`Abd ar-Rahman ibn Muhammad

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`Abd ar-Rahman ibn Muhammad (died 16 June 1825) was the Emir of Harar (1821 - 1825).

On the death of his brother, Emir Ahmad II ibn Muhammad, `Abd ar-Rahman and his other brother `Abd al-Karim quarreled over who would succeed, and `Abd ar-Rahman gained the throne first with the help of the Babille Oromo who dwelled to the east of Harar. However, while returning from an unsuccessful campaign to extract tribute from the Ala Oromo in 1825, he was betrayed to these people and `Abd al-Karim made himself Emir. Abd al-Rahman appealed for help from his Babille allies, who helped him resist his deposition. In the end, `Abd ar-Rahman was deposed and forty villages are listed as having been destroyed by the Oromo to the north, west and south of harar, as well as in Babille country during this civil war.[1]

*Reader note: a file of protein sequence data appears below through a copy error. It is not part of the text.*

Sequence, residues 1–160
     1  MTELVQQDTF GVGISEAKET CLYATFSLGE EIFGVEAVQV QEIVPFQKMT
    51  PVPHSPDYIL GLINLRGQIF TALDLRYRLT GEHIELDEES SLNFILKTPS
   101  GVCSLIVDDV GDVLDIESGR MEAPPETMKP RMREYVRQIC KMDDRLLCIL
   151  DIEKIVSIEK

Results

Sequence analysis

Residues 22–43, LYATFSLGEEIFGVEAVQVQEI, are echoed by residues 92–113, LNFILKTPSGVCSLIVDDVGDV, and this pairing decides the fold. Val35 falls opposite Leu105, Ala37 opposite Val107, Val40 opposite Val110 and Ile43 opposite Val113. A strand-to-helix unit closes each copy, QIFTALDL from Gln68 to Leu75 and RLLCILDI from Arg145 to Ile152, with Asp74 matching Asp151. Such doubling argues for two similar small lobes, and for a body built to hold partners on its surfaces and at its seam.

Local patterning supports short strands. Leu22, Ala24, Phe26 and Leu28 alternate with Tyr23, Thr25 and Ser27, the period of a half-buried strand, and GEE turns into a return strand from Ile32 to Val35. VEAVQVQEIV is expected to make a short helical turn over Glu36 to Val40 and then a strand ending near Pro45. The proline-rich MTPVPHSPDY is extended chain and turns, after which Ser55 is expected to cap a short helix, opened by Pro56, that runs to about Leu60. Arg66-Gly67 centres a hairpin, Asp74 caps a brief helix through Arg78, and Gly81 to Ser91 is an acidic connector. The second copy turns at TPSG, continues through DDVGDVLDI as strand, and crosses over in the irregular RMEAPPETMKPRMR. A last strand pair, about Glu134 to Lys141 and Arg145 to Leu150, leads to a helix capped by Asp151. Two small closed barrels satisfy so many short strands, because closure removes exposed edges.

According to Richard F. Burton, `Abd al-Karim had recruited 60 or 70 Arab matchlockmen, under one Haydar Assal the Auliki, to fight against the Oromo. The mercenaries ran out of ammunition, and losing twenty of their number retired to Harar. The Oromo captured Abd al-Karim and Abd Ar-Rahman, seized the throne and with the aid of the inhabitants started to murder the Arab mercenaries. The mercenaries, however, defended themselves and would have restored Abd al-Rahman as Emir, had Abd ar-Rahman not declined their offer; the Arab mercenaries then drew their pay and marched off to Zeila.[2] R.A. Caulk explains that this was a garbled version of the fraternal battle for the throne.[1]

One source states that he had one daughter, Guisti Fatima, who married his eventual successor Abu Bakr II ibn `Abd al-Munan.[3]

See also[edit]


  1. ^ a b R. A. Caulk, "Harar Town and Its Neighbours in the Nineteenth Century", Journal of African History, 18 (1977), p. 377
  2. ^ Richard Burton, First Footsteps in East Africa, 1856; edited with an introduction and additional chapters by Gordon Waterfield (New York: Praeger, 1966), p. 189, note
  3. ^ Ethiopia: Adal & Harar, Royal Ark genealogies (accessed 6 April 2009)